ITNS Insider
Jan. 16, 2014

A message from ITNS President Cindy Russell
ITNS is poised for a great 2014! The Board of Directors met in Chicago, Illinois, USA from 9-11 January 2014 at the ITNS headquarters. I'd like to highlight a few of our projects for this year:

If any of the these projects look exciting to you, contact me to get involved! My email is

First ITNS Foundation Phone-a-thon Raises $1,225

ITNS Board Members (clockwise) Lut Berben, Sandy Cupples, Michelle James, Jason Hopper-Cruz, and Anne Flodén call on ITNS members for their support of the ITNS Foundation.

The ITNS Board of Directors met Thursday, January 9- Saturday, January 11. After the official business was discussed, the Board held a phone-a-thon to raise funds for the ITNS Foundation. The event was a success and raised $1,225 to support the valuable research and education of ITNS members who strive to improve patient care. Thank you for your generous donations! If you missed a call from an ITNS Board member or would like to make a donation, please call + 1 847.375.6340 Monday through Friday from 8:30 a.m. - 5:00 p.m. CST.More

Swedish doctors transplant wombs into 9 women
Business Standard
Nine women in Sweden have successfully received transplanted wombs donated from relatives and will soon try to become pregnant, the doctor in charge of the pioneering project has revealed. The women were born without a uterus or had it removed because of cervical cancer. Most are in their 30s and are part of the first major experiment to test whether it's possible to transplant wombs into women. More

Challenges in machine perfusion preservation for DCD liver grafts
By Sharee Ann Narciso
There is a critical shortage in the number of available donor graft tissues, and donation after circulatory death, or DCD, seems like the next best solution. It is vital to maintain the viability of organs until transplantation to ensure optimal graft survival and function. So far, the most commonly used preservation method in clinical practice is static cold storage. However, the risk of ischemic damage when performing DCD grafting jeopardizes the viability of organs during cold storage. Whether static cold storage is the best method to avoid organ deterioration from DCD is still unknown.More

Hope for transplant patients as study finds key to organ scarring
The Almagest
Patients with damaged organs could be helped by new treatments after scientists have discovered how tissues scar. Researchers say that the finding could pave the way for new drugs and eventually reduce the number of patients on organ transplant waiting lists. More

India: Cadaver organ transplants rare affair in government hospitals
The Times of India
Tamil Nadu recently overtook Maharashtra to top the chart in cadaver organ donation. However, the southern state is still short of organs to be transplanted to needy patients. Data available with the Tamil Nadu Network for Organ Sharing reveals that as many as 3,375 people are looking for kidneys. Though, the right organs could be harvested from the dead, the task is easier said than done. While cadaver organ transplant is not uncommon in private hospitals, even the leading government hospitals in Tamil Nadu rarely conduct it, said C Anandaraj, a Madurai-based health activist.More

High ferritin ups infection risk in kidney transplant patients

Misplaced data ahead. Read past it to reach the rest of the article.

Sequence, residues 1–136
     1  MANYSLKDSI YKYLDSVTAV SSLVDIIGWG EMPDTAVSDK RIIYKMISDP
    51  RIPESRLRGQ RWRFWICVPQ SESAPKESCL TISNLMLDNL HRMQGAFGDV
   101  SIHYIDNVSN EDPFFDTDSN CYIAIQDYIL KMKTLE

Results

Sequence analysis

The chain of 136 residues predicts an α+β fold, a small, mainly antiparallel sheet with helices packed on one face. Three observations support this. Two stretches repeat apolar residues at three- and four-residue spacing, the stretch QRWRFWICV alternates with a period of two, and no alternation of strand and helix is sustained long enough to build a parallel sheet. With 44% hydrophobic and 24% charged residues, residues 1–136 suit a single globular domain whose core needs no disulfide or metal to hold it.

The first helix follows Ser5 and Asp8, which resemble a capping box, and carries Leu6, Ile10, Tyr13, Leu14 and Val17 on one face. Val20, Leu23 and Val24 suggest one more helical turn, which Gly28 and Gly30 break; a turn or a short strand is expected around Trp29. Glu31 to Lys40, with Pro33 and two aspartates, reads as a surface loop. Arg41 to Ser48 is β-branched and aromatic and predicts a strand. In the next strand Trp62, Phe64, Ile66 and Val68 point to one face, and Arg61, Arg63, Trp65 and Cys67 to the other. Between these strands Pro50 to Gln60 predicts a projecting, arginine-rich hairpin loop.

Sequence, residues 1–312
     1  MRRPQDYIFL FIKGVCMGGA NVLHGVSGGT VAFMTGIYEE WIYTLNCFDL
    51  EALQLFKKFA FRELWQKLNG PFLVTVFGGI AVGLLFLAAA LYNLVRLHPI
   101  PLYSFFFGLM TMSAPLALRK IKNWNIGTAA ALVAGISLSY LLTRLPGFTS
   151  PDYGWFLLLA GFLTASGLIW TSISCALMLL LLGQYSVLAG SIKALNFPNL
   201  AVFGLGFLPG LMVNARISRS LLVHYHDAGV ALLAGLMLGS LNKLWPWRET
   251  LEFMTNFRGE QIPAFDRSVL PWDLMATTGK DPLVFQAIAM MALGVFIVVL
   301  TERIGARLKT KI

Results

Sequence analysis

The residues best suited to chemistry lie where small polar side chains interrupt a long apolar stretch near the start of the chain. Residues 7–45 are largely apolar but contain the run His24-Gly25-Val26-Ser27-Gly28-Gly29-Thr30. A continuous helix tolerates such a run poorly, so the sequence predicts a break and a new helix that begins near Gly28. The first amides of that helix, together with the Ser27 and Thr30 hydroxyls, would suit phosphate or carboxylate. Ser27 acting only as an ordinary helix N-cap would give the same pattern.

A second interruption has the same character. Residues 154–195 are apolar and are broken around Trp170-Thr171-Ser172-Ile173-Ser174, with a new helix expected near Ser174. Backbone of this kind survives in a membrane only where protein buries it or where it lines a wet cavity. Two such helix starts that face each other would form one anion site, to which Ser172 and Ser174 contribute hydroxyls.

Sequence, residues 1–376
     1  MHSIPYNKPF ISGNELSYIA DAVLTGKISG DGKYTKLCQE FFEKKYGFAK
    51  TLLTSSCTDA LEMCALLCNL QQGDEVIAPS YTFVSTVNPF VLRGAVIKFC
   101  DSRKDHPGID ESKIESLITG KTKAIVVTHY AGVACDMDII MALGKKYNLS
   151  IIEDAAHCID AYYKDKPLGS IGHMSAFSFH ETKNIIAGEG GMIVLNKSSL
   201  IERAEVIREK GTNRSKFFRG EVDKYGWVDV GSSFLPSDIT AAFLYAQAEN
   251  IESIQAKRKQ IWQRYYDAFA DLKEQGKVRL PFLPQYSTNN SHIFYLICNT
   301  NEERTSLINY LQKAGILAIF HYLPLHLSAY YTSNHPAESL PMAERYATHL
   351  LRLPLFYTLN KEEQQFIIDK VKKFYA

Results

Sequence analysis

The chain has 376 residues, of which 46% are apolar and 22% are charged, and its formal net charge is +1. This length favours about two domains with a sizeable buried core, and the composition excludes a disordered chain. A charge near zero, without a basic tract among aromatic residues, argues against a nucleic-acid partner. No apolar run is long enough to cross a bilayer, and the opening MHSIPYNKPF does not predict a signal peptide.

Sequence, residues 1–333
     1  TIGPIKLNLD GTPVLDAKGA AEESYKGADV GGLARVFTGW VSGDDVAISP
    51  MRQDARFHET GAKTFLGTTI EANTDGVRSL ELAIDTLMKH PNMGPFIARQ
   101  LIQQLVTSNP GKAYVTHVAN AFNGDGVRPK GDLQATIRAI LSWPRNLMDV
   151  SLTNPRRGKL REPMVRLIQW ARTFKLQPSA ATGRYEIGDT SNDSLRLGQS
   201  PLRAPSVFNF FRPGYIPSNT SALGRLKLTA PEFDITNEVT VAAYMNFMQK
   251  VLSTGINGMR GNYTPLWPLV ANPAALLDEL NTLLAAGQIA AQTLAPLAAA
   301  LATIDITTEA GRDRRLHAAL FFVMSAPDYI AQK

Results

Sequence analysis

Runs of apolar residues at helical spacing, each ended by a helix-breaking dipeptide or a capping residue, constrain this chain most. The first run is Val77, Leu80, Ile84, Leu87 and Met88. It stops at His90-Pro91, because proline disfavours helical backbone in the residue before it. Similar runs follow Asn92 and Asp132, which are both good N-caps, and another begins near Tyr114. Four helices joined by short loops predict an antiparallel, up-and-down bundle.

Renal & Urology News
Elevated ferritin levels in kidney transplant recipients are associated with an increased risk of infection in the early post-transplant period. Dr. Mario Fernández-Ruiz, and colleagues at Universidad Complutense, Madrid, Spain, prospectively studied 228 patients undergoing kidney transplantation and analyzed various iron parameters within the first two weeks after transplantation and before the occurrence of the first infectious episode. Patients with ferritin levels above 500 ng/mL had higher incidence rates of overall, bacterial and bloodstream infection during the first post-transplant year.More

D.C. considers organ donor tax credit
The D.C. Council is considering legislation to give organ donors thousands of dollars in tax credits in order to boost the pool of donors in the nation's capital. Thousands of people die from organ failures, in part because there are just too few donors.More

Can China stop organ trafficking?
The New Yorker
Everywhere in the world, the number of patients in need of kidneys, hearts, livers or corneas outstrips the number of donors, but in China the situation is particularly acute. Even though China performs more transplants annually than any country except the U.S., less than 1 percent of the population in need of life-saving transplants receives them (as compared to about 20 percent in the U.S.). According to China's Ministry of Health, some 1.5 million people continue to wait for transplants. More

Lab notes: A new way to mend a broken heart
MedPage Today
A new adhesive that promises to work well in wet places may be just what heart surgeons have been looking for. Current surgical adhesives are toxic, have limited strength and don't work well in wet places, such as the heart. Inspired by insects, slugs, and worms, researchers led by Jeffrey Karp, Ph.D., of Brigham and Women's Hospital in Boston may have overcome those limitations.More

Postanastomotic transplant renal artery stenosis: Association with de novo class II donor-specific antibodies
American Journal of Transplantation
In this study, we analyze the outcomes of transplant renal artery stenosis (TRAS), determine the different anatomical positions of TRAS, and establish cardiovascular and immunological risk factors associated with its development. One hundred thirty-seven of 999 (13.7 percent) patients had TRAS diagnosed by angiography; 119/137 (86.9 percent) were treated with angioplasty, of which 113/137 (82.5 percent) were stented.More